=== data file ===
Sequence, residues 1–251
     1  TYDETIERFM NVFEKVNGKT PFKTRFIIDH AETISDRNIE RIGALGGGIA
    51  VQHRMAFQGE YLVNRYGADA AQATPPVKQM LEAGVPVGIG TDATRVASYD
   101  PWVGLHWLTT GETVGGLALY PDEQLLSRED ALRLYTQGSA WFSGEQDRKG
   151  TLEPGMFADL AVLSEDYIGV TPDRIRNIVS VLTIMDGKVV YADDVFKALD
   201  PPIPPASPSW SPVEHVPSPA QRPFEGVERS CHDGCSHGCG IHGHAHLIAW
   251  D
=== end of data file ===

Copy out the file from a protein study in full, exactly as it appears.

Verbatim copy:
Sequence, residues 1–251
     1  TYDETIERFM NVFEKVNGKT PFKTRFIIDH AETISDRNIE RIGALGGGIA
    51  VQHRMAFQGE YLVNRYGADA AQATPPVKQM LEAGVPVGIG TDATRVASYD
   101  PWVGLHWLTT GETVGGLALY PDEQLLSRED ALRLYTQGSA WFSGEQDRKG
   151  TLEPGMFADL AVLSEDYIGV TPDRIRNIVS VLTIMDGKVV YADDVFKALD
   201  PPIPPASPSW SPVEHVPSPA QRPFEGVERS CHDGCSHGCG IHGHAHLIAW
   251  D